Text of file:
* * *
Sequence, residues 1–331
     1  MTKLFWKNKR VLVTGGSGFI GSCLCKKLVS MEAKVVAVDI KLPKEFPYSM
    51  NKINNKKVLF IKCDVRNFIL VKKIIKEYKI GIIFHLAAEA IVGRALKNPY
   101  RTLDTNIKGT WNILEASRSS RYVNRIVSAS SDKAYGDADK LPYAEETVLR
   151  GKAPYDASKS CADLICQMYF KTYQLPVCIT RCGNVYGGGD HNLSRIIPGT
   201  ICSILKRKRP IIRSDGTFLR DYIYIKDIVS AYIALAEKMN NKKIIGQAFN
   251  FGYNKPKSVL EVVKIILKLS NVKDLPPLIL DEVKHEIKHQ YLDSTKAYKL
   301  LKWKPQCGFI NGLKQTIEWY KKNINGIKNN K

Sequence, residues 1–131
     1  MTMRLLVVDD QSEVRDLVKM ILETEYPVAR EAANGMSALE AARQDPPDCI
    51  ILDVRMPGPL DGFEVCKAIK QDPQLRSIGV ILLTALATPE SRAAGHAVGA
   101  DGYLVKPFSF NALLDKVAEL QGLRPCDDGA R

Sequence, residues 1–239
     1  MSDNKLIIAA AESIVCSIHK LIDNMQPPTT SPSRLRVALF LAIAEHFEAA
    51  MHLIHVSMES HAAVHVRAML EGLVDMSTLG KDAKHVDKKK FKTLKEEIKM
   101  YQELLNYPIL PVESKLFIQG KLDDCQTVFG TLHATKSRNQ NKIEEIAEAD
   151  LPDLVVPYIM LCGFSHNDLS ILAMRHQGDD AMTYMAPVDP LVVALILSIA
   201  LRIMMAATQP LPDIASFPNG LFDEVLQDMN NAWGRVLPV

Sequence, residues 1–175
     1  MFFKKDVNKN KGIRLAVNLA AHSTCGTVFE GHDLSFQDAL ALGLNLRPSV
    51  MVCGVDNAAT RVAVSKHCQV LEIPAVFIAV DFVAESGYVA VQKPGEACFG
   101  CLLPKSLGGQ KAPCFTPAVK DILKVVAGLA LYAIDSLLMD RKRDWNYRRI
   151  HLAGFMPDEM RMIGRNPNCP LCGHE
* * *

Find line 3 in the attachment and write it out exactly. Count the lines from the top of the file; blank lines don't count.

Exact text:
    51  NKINNKKVLF IKCDVRNFIL VKKIIKEYKI GIIFHLAAEA IVGRALKNPY